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Sofiaspin, you right! Triumph isn't a luxury item and never has been. The same with many other motorcycles. A luxury is really something extremely high priced that is beyond the affordability of most people. Maybe if your talking about a Ducati 1098R or the MV Agusta but not a Triumph. Triumph has tried to keep their motorcycles affordable for the masses and will continue to do so in the future. I think the previous reminder of their own history will keep them moving in the right direction. I don't believe they are trying to directly compete with anyone. They fill a niche all to their own. They don't tout theirs as the fastest or the most powerful and have purposefully avoided it for good reason. It's not about changing the style, weight, or horsepower every year that brings people to owning a Triumph. I think they will be just fine and their future in the U.S. is golden.

Cheers
Jeff:motorbike2:
 

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Skull I am glad we share the same value for money approach to life.
Being a good Scotsman I negotiate for every penny and take no financial prisoners. But even with my new Thrux, I rolled over and let the dealer have his way.
But I still have cash for a Triton.......
 

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Luxury Item

If you google motorcycles, luxury items, I think you will find that in the U.S., motorcycles of any price range are considered luxury items. Pretty much anything that is not a neccessity falls into that category. According to the goverment i-pods fire places, hot tubs ect. all fall under luxury items. Cars up to a price range of about 30,000 dollars U.S. are considered a neccessity. Much above that and they are considered a luxury. It's still a car but they figure that basic transportation can be gotten for less than the above figure. Give or take a bit. The American Financier magazine MCN and Rider Mag have all listed motorcycles as luxury items. May seem strange to some, but thats the catagory they are classed under regardless of price.
 

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Motorcycle Consumer News just published the year's sales summary compared to last year for many of the major bike manufacturers.

Triumph didn't fare that badly, especially compared to some; Triumph down a little over 5% vs 2007.

By comparison, BMW down 12%, Suzuki down 13 % plus, Harley down almost 17%.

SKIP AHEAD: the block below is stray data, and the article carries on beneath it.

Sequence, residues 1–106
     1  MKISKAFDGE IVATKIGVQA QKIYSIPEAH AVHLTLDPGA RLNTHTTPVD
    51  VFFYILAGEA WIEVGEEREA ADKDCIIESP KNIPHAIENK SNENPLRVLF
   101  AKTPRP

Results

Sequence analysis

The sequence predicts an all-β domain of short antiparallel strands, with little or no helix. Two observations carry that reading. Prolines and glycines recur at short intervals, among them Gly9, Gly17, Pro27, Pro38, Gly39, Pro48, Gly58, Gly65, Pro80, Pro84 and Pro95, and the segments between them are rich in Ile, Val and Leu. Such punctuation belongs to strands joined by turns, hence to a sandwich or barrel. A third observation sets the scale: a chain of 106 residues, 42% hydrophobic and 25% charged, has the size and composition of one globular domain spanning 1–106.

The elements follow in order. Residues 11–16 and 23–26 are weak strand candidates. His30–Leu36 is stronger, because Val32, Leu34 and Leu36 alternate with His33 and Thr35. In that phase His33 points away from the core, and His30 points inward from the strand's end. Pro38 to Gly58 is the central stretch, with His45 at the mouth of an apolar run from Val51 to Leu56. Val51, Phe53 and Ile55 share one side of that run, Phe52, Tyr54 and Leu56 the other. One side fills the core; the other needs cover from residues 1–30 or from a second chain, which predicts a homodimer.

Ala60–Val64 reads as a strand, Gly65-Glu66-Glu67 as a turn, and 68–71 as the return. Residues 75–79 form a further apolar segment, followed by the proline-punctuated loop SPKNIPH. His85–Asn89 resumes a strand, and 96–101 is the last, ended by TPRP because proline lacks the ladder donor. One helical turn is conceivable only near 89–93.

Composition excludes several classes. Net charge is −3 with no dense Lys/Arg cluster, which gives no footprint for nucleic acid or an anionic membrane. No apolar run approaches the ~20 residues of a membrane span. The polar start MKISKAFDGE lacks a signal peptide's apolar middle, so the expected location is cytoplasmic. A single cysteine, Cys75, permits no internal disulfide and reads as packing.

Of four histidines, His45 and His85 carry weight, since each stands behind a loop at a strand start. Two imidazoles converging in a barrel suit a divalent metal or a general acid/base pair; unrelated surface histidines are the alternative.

Honda, Buell, Piaggio and Yamaha fared better to almost even to down a bit over 2%.

Victory may be in trouble seeing sales down 72%; a shame because they have so much more design style than HD.
 

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Triumph will survive, had this financial crisis happened a few years ago it whilst it was still developing it could have proved fatal but it is now established and should fair well.

Unless you use a motorcycle for everyday transport as opposed to everyday social riding then it falls under a non-essential item. If we have another round of high oil prices then this could be a boost for motorcycles, although high oil prices is the last thing I want.

There was a lot of criticism of Triumph opening up a factory in Thailand, in hindsight this was a smart move, it will help them keep costs down and help them to survive.

Meanwhile for Triumph enthusiasts and all bike enthusiasts even in hard times you are allowed one luxury !


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Ride on ! :)
 

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Luxury items

Unless you use for bike as your only means of essential transport, & I think that covers a lot of riders on this forum, then it is a luxury item. Just about any sports or classic bike is, no matter what the brand. It's something we own because we can, not because we have to and while we might like to say we couldn't live without our Triumphs, we would if we had to.
Although I think I'll be living in the street first.;)
 

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If you google motorcycles, luxury items, I think you will find that in the U.S., motorcycles of any price range are considered luxury items.
Most murricans view motorbikes as a toy. Toy = something you can live without, therefore a luxury item. I think its a waste of money to buy a luxury toy :D
 

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There was a lot of criticism of Triumph opening up a factory in Thailand, in hindsight this was a smart move, it will help them keep costs down and help them to survive.
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Ride on ! :)
That's a stumbling point for this American.

Anything I've ever bought from Thailand has been regrettable. My wife bought a high end bicycle that has such bad frame alignment that the chain is off as much as itr is on.

And lately there have been numerous "built to specifications" items from China that have been hugh health risks and resulted in recalls and lawsuits. It's what you don't put in the "specs" that they bend the rules on.

I'll surely avoid the Asian built models and consider that a move in the wrong direction with regard to keeping my business.
 

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SkiTTles,

You may be right.
As to the question of whether or not Triumph of America can survive the economic down turn? I can only say that I really, really hope so.
 

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I'm not interested in the defninition of luxury, but I want Triumph to do well. They seem to have a pretty solid strategy - hope it plays out is all. I want more bikes!